ABSTRACT In the past 5 years, 1 of every 3 deaths in the United Stateswas attributed to cardiovascular disease (CVD). Regular physical activity has numerous benefits associated with the reduction of cardiovascular disease risk factors. Despite these details, 60% of Americans are not regularly physically active and 25% are not active at all. Previous studies have found significant changes in cardiovascular disease risk factors by combining cardiorespiratory and strength training into one exercise program. The current pilot study augments the approach by utilizing a group fitness program that mimics the Physical Activity Guidelines for Fitness. Therefore our purpose was to evaluate if a multimodal group fitness intervention could singularly produce the physiological and musculoskeletal health benefits of the established physical activity prescription. Twenty-five sedentary, but otherwise healthy, adults (15 women and 10 men) between the ages of 25 - 40 years completed the protocol of a 30-week group exercise program. It started with a 6-week familiarization period, continued with a 12-week block of 6 group fitness classes per week (3 cardiovascular, 2 strength, 1 flexibility), and concluded with a 12-week block of 7 classes per week (4 cardiovascular, 2 strength, 1 flexibility). We completed submaximal oxygen consumption treadmill tests, fasting blood draws and iDXA scans at 3 time points (baseline, midpoint, final) and compared the data using a paired t-test (p < 0.05). Compared to baseline measurements, the final measurements demonstrated that the participants had statistically significant reductions in body mass, fat body mass percentage, total cholesterol, LDL-C, and triglycerides and elevations in oxygen consumption, lean body mass percentages, and HDL-C. Based upon our results, group fitness may be an ideal method to minimize attrition and maximize health benefits in a comprehensive manner to reduce the risk of cardiovascular disease.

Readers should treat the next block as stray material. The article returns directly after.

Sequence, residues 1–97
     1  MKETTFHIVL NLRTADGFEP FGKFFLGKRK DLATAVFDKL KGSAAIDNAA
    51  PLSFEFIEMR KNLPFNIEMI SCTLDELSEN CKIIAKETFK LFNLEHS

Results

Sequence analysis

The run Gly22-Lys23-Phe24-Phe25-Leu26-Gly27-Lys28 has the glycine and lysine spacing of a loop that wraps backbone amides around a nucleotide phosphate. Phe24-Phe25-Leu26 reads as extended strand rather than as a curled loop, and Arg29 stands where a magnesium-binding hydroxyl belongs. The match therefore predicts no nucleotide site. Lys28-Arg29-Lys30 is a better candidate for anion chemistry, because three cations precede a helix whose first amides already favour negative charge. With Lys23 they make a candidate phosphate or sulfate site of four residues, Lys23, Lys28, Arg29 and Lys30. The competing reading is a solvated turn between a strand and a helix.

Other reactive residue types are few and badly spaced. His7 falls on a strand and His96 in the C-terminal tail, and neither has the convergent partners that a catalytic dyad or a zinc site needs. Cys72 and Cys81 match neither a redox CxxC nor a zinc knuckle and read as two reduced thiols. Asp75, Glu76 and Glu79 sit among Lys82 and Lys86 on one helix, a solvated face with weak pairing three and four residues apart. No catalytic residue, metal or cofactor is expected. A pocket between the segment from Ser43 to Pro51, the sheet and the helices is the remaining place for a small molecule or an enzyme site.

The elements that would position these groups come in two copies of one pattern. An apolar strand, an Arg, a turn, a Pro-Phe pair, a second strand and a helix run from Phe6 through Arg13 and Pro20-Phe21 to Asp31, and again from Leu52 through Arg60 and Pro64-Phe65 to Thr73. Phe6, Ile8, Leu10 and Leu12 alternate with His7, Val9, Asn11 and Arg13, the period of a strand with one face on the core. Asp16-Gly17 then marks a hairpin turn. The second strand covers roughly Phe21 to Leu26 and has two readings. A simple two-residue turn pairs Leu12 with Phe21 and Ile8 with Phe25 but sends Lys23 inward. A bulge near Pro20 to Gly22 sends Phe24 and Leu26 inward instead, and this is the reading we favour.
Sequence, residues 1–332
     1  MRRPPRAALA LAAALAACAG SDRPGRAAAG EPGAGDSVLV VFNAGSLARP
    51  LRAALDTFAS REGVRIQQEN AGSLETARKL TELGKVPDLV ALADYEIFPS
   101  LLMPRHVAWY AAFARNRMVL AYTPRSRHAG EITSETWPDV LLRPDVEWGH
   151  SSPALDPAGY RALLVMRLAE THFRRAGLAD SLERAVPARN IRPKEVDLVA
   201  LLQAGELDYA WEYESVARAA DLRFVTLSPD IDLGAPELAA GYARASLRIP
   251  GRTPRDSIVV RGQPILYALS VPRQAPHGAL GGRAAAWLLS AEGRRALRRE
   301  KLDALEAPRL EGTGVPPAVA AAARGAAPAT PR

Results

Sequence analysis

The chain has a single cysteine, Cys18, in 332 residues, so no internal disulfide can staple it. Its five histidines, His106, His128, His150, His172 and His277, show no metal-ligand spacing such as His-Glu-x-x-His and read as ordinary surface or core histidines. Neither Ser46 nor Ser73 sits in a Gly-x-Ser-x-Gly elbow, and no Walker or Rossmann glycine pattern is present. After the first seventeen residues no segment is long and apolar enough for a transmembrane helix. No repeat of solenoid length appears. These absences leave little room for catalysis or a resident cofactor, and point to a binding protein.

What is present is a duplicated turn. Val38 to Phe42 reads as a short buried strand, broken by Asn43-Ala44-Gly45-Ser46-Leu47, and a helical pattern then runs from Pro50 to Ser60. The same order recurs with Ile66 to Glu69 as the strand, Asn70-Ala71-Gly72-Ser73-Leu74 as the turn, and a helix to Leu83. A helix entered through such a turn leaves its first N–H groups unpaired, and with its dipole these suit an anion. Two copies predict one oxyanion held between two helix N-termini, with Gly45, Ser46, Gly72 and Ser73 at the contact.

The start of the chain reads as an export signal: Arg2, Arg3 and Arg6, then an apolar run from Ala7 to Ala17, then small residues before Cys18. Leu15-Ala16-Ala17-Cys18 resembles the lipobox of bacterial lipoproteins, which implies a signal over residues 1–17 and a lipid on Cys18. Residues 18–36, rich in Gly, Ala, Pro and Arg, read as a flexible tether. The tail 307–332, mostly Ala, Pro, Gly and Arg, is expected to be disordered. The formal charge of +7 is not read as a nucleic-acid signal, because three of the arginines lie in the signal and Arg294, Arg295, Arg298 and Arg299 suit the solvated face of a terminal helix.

Cite this paper
Gottschall, J. , Jones, J. , Mills, J. and Hastings, B. (2013) Group fitness is effective in reducing cardiovascular disease risk factors in healthy adults. Open Journal of Preventive Medicine, 3, 132-140. doi: 10.4236/ojpm.2013.31017.
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